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Photographer and filmmaker Robert Freeman, the artist behind the Beatles’ seminal early album covers, has died at the age of 82, Rolling Stone reports. The band’s official Twitter account also posted about Freeman’s passing on Friday, as did Ringo Starr.

Initially a photographer for Britain’s Sunday Times, Freeman was commissioned for a portrait of the Beatles by band manager Brian Epstein in 1963. His relationship with the Fab Four ended up spanning years, and included the album covers for With the Beatles, Beatles for Sale, Help!, and Rubber Soul, in addition to the credits sequences for their films Help! and A Hard Day’s Night. Freeman would go on to direct the cult Swinging London film The Touchables, as well as shoot the first Pirelli Calendar.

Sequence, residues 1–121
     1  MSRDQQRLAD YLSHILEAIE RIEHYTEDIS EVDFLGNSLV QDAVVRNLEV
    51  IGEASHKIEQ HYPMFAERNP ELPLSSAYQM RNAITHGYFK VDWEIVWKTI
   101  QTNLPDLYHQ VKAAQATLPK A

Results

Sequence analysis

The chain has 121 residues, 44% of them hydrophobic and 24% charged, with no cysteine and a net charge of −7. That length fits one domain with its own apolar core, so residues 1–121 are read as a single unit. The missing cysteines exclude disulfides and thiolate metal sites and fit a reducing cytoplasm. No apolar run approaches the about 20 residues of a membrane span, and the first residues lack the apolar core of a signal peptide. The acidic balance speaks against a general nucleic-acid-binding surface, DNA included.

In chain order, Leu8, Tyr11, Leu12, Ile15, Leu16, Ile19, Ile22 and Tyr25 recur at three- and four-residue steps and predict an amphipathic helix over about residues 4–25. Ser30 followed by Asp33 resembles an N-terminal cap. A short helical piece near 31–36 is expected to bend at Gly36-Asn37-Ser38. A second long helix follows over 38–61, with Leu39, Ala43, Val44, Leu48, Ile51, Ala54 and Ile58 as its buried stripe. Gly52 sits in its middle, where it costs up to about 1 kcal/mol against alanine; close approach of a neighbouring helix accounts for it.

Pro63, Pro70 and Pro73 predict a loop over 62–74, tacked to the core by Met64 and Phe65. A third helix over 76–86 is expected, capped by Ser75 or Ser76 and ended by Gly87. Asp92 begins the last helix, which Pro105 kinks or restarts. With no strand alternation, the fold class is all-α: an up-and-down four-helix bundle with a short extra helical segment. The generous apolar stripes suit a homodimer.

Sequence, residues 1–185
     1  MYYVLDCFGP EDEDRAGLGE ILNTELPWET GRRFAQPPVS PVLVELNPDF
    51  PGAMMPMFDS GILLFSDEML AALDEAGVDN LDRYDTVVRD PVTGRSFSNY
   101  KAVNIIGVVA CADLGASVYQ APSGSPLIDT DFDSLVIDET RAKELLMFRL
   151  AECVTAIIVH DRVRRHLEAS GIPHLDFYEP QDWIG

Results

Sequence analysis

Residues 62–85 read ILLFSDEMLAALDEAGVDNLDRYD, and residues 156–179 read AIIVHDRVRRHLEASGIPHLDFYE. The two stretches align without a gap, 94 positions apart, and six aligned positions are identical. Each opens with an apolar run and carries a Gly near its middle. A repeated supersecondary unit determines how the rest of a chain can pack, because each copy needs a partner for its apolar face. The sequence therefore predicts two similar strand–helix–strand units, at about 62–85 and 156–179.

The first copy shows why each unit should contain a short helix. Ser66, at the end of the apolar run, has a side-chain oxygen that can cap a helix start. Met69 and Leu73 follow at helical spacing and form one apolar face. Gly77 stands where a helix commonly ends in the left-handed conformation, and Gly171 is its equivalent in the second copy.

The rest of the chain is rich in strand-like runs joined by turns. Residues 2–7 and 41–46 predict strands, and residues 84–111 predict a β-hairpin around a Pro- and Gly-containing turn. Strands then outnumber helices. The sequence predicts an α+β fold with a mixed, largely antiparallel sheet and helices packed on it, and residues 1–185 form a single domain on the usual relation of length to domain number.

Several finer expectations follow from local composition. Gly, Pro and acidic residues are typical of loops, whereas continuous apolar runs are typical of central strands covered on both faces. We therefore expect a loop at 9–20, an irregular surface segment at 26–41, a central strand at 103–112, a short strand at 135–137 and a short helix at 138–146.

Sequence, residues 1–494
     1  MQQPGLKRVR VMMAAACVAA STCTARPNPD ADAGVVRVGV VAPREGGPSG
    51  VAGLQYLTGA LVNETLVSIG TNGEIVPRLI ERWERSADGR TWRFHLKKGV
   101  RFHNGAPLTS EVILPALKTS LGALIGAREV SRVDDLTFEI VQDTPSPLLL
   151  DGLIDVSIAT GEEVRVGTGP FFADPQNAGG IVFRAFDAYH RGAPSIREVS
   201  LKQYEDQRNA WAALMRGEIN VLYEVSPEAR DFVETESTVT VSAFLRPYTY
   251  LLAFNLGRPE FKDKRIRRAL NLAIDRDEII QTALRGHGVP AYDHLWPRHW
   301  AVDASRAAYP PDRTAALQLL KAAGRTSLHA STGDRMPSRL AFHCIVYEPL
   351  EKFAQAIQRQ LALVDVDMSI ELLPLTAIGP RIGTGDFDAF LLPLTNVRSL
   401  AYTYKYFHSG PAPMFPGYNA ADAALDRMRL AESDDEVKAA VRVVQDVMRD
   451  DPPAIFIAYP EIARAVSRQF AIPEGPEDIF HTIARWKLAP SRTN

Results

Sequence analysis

Paul McCartney posted a personal remembrance of Freeman on his blog, describing in detail how the photographer captured the Fab Four for Meet the Beatles and Rubber Soul. “He was one of our favourite photographers during the Beatles years who came up with some of our most iconic album covers. Besides being a great professional he was imaginative and a true original thinker,” the singer wrote in part. “I will miss this wonderful man but will always cherish the fond memories I have of him.”

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